President Barack Obama punctuated many of the policy positions he outlined during his “State of the Union Address” with the words, “We can get this done” and “Let’s get it done.”
But the words he drew on from President John F. Kennedy put his ambitious agenda into context.
Kennedy told Congress years ago that lawmakers should view themselves not as rivals seeking power but rather as partners for progress, Obama said.
The iCitizenFroum question of the day stated: “Barack Obama announces his re-election campaign. Are you ready for the 2012 presidential election to begin?”
We might not be, but President Barack Obama will be.
President Barack Obama made his case Monday night for ordering the U.S. military to intervene in Libya, but he left a lot of unanswered questions and took heat from just about every position imaginable.
Some criticize the president for acting too slowly on getting a “no-fly” zone established and using U.S. resources to enforce it.
In last night’s televised address, President Barack Obama defended his decision to involve U.S. military action in Libya. The president said “We should not be afraid to act” to offer humanitarian assistance when a country faces a potential massacre.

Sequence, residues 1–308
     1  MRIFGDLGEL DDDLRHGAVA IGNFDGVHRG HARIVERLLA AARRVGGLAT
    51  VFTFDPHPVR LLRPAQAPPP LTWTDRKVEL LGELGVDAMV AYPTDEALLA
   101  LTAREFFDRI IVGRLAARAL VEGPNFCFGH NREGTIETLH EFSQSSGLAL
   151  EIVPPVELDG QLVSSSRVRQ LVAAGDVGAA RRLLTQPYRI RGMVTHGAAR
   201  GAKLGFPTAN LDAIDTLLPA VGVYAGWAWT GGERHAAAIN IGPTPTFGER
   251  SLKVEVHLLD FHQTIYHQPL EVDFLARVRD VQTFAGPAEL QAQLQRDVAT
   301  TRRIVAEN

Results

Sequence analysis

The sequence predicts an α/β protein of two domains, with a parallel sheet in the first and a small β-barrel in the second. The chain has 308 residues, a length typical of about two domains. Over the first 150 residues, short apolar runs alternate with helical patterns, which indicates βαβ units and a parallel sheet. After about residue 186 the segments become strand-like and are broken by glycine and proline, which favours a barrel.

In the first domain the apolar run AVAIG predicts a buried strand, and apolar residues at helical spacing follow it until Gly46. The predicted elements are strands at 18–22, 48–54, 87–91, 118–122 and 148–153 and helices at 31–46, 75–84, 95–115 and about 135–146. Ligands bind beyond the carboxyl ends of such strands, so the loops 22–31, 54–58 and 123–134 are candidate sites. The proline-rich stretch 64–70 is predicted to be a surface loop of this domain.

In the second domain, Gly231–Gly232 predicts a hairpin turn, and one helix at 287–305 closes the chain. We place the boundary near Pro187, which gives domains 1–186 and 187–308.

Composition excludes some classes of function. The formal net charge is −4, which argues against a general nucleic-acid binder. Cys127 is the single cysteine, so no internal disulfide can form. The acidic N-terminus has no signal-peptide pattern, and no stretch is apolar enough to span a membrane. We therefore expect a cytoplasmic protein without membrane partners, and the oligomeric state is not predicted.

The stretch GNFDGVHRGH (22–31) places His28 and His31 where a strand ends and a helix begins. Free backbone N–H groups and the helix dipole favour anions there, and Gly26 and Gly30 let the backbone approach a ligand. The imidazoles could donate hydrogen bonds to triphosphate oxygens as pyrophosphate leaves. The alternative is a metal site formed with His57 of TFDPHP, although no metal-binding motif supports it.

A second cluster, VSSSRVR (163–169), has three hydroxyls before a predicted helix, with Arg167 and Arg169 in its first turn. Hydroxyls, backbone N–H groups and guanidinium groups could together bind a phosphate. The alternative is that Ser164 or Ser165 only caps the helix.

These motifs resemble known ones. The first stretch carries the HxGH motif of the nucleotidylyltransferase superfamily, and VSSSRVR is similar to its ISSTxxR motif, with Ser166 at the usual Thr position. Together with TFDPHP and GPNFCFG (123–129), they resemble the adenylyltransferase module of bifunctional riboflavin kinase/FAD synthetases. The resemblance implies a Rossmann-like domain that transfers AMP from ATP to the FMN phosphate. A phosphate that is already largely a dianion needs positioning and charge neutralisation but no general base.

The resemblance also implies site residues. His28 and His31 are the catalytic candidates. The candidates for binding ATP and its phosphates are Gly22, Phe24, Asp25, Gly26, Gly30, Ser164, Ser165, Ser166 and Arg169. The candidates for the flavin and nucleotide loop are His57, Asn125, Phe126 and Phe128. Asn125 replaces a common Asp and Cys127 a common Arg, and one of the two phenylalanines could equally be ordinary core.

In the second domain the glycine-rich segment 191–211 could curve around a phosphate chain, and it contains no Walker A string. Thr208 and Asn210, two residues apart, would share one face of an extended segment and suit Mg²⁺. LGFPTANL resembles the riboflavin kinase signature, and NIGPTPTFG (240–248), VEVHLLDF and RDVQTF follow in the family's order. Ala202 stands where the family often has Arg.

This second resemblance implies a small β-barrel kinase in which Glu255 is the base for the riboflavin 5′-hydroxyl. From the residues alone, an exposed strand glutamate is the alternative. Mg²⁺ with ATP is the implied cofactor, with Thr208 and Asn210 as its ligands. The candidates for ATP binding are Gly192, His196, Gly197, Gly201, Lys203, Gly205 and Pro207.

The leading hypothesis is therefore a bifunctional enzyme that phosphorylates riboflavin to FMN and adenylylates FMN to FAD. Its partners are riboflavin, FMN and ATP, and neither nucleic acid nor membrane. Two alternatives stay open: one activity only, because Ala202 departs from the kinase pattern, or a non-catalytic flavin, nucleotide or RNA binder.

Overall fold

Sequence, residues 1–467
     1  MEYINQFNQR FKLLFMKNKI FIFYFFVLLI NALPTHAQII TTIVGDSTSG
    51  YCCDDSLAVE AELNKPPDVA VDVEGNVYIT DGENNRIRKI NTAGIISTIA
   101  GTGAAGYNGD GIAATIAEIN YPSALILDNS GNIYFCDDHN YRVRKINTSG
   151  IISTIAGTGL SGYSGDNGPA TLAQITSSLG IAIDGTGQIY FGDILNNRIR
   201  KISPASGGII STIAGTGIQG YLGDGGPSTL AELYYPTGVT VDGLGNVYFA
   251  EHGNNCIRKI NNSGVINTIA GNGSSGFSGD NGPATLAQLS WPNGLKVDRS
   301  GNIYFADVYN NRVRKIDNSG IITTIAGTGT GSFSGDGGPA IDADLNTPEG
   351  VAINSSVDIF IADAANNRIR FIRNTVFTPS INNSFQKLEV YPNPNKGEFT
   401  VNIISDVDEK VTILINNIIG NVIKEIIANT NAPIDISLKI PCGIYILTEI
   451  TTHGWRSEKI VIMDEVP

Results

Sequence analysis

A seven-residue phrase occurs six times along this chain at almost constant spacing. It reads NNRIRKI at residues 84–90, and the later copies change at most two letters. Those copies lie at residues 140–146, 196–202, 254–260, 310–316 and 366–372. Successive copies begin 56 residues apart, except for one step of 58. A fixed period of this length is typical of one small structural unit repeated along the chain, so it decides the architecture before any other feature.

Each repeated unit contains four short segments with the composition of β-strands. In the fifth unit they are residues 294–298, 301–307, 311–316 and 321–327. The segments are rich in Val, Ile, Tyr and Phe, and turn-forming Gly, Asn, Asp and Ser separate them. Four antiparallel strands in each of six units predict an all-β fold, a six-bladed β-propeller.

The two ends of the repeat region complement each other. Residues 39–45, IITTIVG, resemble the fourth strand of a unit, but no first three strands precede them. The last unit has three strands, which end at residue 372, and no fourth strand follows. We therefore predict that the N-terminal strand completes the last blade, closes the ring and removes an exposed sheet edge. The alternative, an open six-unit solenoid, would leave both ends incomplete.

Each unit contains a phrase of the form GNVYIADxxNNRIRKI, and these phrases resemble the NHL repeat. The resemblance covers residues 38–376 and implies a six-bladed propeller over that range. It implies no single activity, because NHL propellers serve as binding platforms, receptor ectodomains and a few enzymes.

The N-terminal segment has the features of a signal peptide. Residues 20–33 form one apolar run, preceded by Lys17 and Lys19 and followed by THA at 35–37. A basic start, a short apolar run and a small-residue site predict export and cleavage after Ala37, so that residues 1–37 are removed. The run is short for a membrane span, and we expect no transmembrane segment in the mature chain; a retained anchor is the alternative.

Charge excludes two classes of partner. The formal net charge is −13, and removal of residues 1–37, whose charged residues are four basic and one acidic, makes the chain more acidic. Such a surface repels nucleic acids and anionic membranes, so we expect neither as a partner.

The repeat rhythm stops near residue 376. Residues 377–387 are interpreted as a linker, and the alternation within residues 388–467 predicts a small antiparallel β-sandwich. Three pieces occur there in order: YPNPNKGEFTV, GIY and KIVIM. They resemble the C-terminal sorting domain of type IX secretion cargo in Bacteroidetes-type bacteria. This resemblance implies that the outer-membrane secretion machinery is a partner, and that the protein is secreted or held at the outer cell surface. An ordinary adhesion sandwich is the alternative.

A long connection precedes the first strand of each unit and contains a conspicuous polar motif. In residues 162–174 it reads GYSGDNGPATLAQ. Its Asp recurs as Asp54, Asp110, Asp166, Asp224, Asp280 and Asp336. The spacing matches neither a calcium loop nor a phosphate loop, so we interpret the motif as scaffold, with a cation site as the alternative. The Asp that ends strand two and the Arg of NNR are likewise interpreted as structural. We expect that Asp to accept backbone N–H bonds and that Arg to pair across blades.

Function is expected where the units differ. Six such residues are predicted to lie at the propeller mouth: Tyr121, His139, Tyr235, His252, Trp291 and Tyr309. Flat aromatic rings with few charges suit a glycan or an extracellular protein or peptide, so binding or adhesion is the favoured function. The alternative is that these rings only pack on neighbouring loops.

In the prize rings of public disputation, I’m not tagged as a "No más," kind of guy. But like Robert Duran, the Panamanian boxer who probably didn’t actually say those words but really did give up during his 1980 championship fight with Sugar Ray Leonard, I think I’ve had enough.
I watched the election results intently last night, like most Americans. As the evening progressed, my thoughts about the outcome darted quickly and almost randomly to my life in America the past 50 years and election nights.
Last night seemed different.
Yes, I listened to reports on exit polls, watched the map of the U.S. change colors, heard pundits offer “insight” into the numbers and trends, and jumped between stations when some political “insider” irritated me.
The increase in the youth vote boosted the number of Iowans who caucused last night. The Center for Information and Research on Civic Learning and Engagement (CIRCLE) reported 11 percent of eligible Iowans under 30 caucused in 2008, compared with four percent who caucused in 2004. CIRCLE’s research supports Rock the Vote’s Heather Smith’s belief that young men and women are no longer politically apathetic.